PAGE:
Search tips
Search criteria 


Logo of corrspringer.comThis journalToc AlertsSubmit OnlineOpen Choice
Clin Orthop Relat Res. 2013 February; 471(2): 393–402.
Published online 2012 October 16. doi:  10.1007/s11999-012-2604-0
PMCID: PMC3549171

The 2012 John Charnley Award: Clinical Multicenter Studies of the Wear Performance of Highly Crosslinked Remelted Polyethylene in THA

Charles R. Bragdon, PhD,corresponding author Michael Doerner, BS, John Martell, MD, Bryan Jarrett, BS, Henrik Palm, MD, Multicenter Study Group, and Henrik Malchau, MD, PhD



Highly crosslinked polyethylene (HXLPE) in THA was developed to reduce particle-induced periprosthetic osteolysis. A series of clinical studies were initiated to determine the clinical efficacy as judged by patient-reported scores, radiographic osteolysis, and wear analysis of one form of HXLPE.


The purposes of this series of studies were to (1) determine the wear rates of one form of HXLPE; (2) report long-term (7–10 years) patient-reported outcome measures; (3) assess the effect of femoral head size on wear; and (4) determine the incidence of periprosthetic osteolysis.


A single-center and two multicenter studies were conducted on 768 primary patients (head size 26–36 mm) undergoing THA at eight medical centers. Patient-reported outcome scores, radiographic grading for osteolysis, and radiographic wear evaluation were performed.


Serial plain radiographs showed no periprosthetic osteolysis in the three studies. The average femoral head penetration rates did not correlate with time in vivo for patients with standard femoral head sizes. Although there was an indication of higher wear in patients with 36-mm diameter femoral heads, it was below the threshold for producing osteolysis.


The introduction of this HXLPE substantially improved the prognosis of patients after THA up to 13 years as judged by clinical scores, incidence of osteolysis, and polyethylene wear measurements.

Level of Evidence

Level III, therapeutic study. See the Guideline for Authors for a complete description of levels of evidence.


Osteolysis secondary to polyethylene wear debris generation has been identified as the leading cause of late-term failure of total joint arthroplasties [25, 2729, 3840, 52, 53]. The incidence of periprosthetic osteolysis around primary THA with conventional polyethylene has been reported as high as 37% at 8 to 10 years [55]. Highly crosslinked polyethylene (HXLPE) was introduced to decrease wear and periprosthetic osteolysis to increase the long-term survivorship of THA. Several methods have been developed to produce HXLPE [2, 22, 32, 42, 45]. One form of HXLPE, the electron-beam irradiated crosslinked and melted polyethylene, has been extensively evaluated in vitro with long-term wear simulation up to 20 million cycles as well as aggressive third-body wear testing using the Boston hip simulator (AMTI, Watertown, MA, USA) [3, 6, 44]. This series of preclinical studies documented both the reduction of secondary oxidation and improved wear of HXLPE by gravimetric analysis compared with conventional polyethylene. Electron beam-irradiated and melted HXLPE was cleared for clinical use by the FDA in 1998 and has now been used clinically for more than 10 years.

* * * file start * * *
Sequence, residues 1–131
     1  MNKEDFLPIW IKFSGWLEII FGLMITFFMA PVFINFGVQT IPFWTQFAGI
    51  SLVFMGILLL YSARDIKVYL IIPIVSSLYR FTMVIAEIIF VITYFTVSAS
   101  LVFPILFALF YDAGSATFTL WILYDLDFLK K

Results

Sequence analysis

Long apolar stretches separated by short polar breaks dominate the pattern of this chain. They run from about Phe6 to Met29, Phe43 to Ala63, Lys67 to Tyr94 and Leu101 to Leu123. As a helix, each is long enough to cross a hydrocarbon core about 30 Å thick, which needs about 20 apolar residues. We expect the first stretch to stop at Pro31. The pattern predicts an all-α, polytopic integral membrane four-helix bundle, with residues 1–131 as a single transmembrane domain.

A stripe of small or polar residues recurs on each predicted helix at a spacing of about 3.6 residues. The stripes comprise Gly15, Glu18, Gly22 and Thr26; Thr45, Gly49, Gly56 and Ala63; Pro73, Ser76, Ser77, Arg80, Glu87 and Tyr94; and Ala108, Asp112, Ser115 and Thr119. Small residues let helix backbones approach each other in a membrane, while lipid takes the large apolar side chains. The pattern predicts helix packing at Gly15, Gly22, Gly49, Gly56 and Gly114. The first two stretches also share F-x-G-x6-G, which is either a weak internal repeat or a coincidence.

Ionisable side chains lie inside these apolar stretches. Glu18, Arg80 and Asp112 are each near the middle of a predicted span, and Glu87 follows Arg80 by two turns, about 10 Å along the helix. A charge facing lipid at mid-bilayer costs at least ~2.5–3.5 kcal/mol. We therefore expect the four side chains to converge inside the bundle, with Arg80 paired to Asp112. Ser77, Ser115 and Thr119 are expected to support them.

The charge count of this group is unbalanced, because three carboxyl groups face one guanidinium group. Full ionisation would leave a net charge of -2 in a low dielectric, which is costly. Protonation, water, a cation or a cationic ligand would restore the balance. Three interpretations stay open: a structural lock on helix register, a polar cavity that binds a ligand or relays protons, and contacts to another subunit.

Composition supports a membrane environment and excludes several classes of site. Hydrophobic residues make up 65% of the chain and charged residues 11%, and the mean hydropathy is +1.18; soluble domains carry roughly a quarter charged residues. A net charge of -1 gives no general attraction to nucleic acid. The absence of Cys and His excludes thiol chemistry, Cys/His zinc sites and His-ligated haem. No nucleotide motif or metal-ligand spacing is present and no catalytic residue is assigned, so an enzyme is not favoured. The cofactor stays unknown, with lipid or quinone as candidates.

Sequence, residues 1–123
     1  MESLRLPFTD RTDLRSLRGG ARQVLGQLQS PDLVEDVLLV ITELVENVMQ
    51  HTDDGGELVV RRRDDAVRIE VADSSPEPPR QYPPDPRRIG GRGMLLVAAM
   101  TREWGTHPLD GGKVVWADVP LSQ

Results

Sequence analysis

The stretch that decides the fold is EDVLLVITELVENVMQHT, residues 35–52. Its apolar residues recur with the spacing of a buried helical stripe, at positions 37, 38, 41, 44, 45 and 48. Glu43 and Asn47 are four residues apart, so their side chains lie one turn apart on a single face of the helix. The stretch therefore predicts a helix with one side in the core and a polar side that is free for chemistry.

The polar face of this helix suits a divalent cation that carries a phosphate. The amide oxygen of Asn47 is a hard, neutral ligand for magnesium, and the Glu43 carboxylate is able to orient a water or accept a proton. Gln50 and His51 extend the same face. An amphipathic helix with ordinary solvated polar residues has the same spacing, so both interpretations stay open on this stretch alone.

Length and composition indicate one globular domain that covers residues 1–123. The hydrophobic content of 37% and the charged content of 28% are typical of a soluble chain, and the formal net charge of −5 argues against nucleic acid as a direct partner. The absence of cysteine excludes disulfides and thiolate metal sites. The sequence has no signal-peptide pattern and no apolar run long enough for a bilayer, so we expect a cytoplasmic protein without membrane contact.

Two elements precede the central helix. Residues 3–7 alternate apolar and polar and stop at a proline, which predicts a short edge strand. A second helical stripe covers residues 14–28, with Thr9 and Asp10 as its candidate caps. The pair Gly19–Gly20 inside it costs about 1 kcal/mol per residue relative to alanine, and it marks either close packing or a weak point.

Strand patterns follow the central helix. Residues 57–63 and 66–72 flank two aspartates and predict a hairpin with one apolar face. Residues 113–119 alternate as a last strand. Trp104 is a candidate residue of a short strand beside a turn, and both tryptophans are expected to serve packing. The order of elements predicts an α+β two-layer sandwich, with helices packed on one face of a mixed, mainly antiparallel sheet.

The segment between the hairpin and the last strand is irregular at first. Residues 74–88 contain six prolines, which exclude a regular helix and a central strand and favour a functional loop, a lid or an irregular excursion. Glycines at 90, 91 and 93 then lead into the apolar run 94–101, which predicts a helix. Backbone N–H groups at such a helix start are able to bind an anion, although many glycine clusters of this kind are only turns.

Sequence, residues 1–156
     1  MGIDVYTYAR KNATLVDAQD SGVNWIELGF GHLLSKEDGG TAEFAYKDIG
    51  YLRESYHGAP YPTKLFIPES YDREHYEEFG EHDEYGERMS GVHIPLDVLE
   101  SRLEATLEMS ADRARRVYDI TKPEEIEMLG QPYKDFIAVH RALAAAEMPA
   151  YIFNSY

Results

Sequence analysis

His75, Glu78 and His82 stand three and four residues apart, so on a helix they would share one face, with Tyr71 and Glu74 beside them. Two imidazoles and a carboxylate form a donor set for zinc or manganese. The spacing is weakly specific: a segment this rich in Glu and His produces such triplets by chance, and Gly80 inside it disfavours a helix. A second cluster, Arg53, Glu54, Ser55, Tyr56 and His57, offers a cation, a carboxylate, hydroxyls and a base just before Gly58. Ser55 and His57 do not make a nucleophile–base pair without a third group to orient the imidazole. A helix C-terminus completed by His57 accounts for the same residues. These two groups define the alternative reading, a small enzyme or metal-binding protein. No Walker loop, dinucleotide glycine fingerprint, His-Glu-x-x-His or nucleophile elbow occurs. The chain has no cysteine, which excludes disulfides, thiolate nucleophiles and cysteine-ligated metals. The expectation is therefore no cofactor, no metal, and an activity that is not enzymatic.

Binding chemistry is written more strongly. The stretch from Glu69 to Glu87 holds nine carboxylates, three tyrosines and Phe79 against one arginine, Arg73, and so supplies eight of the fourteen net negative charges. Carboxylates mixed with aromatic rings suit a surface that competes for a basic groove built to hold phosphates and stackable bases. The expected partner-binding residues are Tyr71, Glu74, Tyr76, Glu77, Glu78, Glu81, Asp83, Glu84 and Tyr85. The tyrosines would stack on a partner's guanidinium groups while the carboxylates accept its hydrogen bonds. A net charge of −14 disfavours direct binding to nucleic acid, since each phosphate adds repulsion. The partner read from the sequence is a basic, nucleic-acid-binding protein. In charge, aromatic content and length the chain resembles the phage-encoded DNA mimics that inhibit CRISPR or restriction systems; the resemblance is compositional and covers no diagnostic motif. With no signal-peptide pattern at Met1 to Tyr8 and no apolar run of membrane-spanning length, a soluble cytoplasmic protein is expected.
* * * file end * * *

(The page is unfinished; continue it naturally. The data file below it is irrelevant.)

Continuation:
The early experience of Charnley using femoral head sizes as large as 41.5 mm in diameter revealed high wear of the plastic bearing surface used in THA, first with Teflon and then with high-molecular-weight polyethylene [15, 16, 54]. This led to the restriction of the diameter of the artificial femoral head to 32 mm or less [14, 15]. Preclinical studies of electron beam-irradiated and melted HXLPE indicated no measureable wear of the polyethylene using femoral diameters as large as 46 mm [43], allowing the return to Charnley’s original concept of using femoral head diameters greater than 32 mm. The use of larger diameter femoral heads in THA affords greater ROM, decreased implant impingement, and protection against dislocation [10, 11, 13].

Early reports in the clinical performance of electron beam-irradiated and melted HXLPE at 2 to 5 years postoperatively indicated extremely low average in vivo annual wear rates ranging from negative values to 0.06 mm/year, high patient-reported outcome scores, and no signs of periprosthetic osteolysis [1, 5, 7, 18, 20, 21, 23, 47]. However, a recent clinical study suggested an association between larger diameter femoral head sizes (36 mm and 46 mm in diameter) and volumetric wear rates at 5 to 8 years followup [33]. In light of these early reports, continued long-term followup and performance evaluation were needed.

Therefore, the two clinical studies initiated by our laboratory at the time that this new formulation of HXLPE was made clinically available (1998 for standard head sizes and 2002 for larger head sizes) were continued. In addition, to increase the number of patients undergoing primary THA followed and to minimize the possible bias associated with single-center designer series, we have also partnered with several other centers to establish multicenter studies. The purpose of this article is to summarize the clinical, radiographic, and in vivo wear results generated by a single-center and two multicenter studies conducted by our laboratory of patients undergoing primary THA having electron beam-irradiated and melted HXLPE: (1) the single-center clinical study documented the longest term followup available; (2) one multicenter study assembled the largest number of patients with standard-sized femoral heads; and (3) the second multicenter study assembled the largest series of patients having THAs with femoral head diameters greater than 32 mm.